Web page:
Domestic Violence and Restraining Orders
In order for an individual to obtain a NJ Restraining Order against another under the New Jersey Domestic Violence Statute, there must be an act of Domestic Violence committed and that act of Domestic Violence must have caused the victim to fear for his or her safety and welfare.Acts Which Constitute Domestic Violence in NJ
The New Jersey Domestic Violence statute defines an act of Domestic Violence as the occurrence of one or more of the following acts:
- Terroristic Threats
- Criminal Restraint
- False Imprisonment
- Sexual Assault
- Criminal Sexual Contact
- Criminal Mischief
- Criminal Trespass
In order to file under the Domestic Violence statute, you must qualify as a victim. A victim under the statute is defined as follows:
- Must be 18 years or older or an emancipated minor. However, there is no age requirement if the victim has a child in common or anticipates having a child in common with the defendant, if one of the parties is pregnant.
- Must have been subjected to Domestic Violence by a present household member, former household member, spouse, former spouse, boyfriend, former boyfriend, girlfriend or former girlfriend.
The principle relief for a victim of Domestic Violence under the statute is a Restraining Order. The relief a Restraining Order could provide is as follows:
- Prohibiting the defendant from the home of the victim.
- Prohibiting the defendant from the victim’s place of employment.
- Prohibiting the defendant from returning to the scene of the domestic violence.
- Prohibiting the defendant any form of contact or communication with the victim.
- Prohibiting the defendant from any form of contact or communication with any individuals named by the victim.
- Prohibiting the defendant from possessing any firearms or other weapons.
- Awarding the victim with custody of the children.
- Ordering the defendant to pay the victim support.
- Ordering a search for weapons at any location the Judge has reasonable cause to believe the weapons are located.
- Ordering the defendant to receive professional counseling
- Awarding the victim possession of the home.
The initial Restraining Order is temporary. The Court in approximately ten days will schedule a hearing to determine if a permanent order will be granted. At the hearing, the standard for proving the allegation of Domestic Violence is by a preponderance of the evidence. According to statute, the Court will consider but not be limited to the following factors:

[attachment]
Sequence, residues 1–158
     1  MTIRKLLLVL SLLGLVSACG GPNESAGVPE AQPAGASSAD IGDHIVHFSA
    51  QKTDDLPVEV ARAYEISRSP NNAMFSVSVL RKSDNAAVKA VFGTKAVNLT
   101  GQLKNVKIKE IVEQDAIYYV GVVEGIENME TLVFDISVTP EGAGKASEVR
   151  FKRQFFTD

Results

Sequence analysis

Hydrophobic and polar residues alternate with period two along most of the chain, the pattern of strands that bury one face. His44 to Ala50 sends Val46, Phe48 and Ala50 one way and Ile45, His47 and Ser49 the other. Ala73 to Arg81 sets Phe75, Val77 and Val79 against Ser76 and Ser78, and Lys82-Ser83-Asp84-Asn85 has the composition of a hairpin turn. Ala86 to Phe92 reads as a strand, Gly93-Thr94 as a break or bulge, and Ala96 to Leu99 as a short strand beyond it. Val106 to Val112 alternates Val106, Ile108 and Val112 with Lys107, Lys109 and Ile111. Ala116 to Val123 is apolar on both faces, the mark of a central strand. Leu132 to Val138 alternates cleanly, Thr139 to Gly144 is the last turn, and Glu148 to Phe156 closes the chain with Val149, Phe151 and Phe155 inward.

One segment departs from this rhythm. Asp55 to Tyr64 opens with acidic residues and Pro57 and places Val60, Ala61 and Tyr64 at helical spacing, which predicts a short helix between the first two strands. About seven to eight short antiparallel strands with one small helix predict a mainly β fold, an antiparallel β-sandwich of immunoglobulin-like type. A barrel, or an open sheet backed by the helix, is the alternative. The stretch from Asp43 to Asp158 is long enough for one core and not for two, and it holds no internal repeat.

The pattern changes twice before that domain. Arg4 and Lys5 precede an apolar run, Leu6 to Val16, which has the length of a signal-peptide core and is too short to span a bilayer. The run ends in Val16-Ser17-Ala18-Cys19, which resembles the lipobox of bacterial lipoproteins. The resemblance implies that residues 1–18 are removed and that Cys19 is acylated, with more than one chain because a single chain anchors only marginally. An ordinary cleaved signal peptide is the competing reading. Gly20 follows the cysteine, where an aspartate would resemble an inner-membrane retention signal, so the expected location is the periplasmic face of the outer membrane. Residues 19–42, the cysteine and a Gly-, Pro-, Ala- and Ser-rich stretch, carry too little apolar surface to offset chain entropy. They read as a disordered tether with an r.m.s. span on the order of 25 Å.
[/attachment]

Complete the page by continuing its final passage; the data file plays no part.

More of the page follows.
- The previous history of Domestic Violence between the parties, including threats, harassment and physical abuse.
- The existence of immediate danger to person or property.
- The financial situation of the plaintiff and defendant.
- The best interests of the victim and any child.
- In determining custody and parenting time the protection of the victim's safety.
- The existence of a verifiable order of protection from another jurisdiction.
Both the defendant and the plaintiff have the right to have an attorney represent them during this hearing. Both parties have a lot at stake. A NJ Restraining Order might be necessary for the plaintiff’s protection. In regard to the defendant, having a Final Restraining Order entered against the defendant means that he or she will be fingerprinted and have a record of committing an act of Domestic Violence. This could affect certain professional licenses and employment. For these reasons, it is highly recommended that you have an experienced family law attorney represent you whether you are the plaintiff or the defendant when you are dealing with a NJ Restraining Order. Call Peter Van Aulen today at 201-845-7400 for a free consultation.
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- False Accusations of Domestic Violence
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- GPS Devices and Domestic Violence
- Interference With Employment
- Jurisdiction for Domestic Violence Cases
- Restraining Orders
- Stalking and Domestic Violence
- Terroristic Threats and Domestic Violence
- The You Started Defense
- How Domestic Violence Allegations can Affect Divorce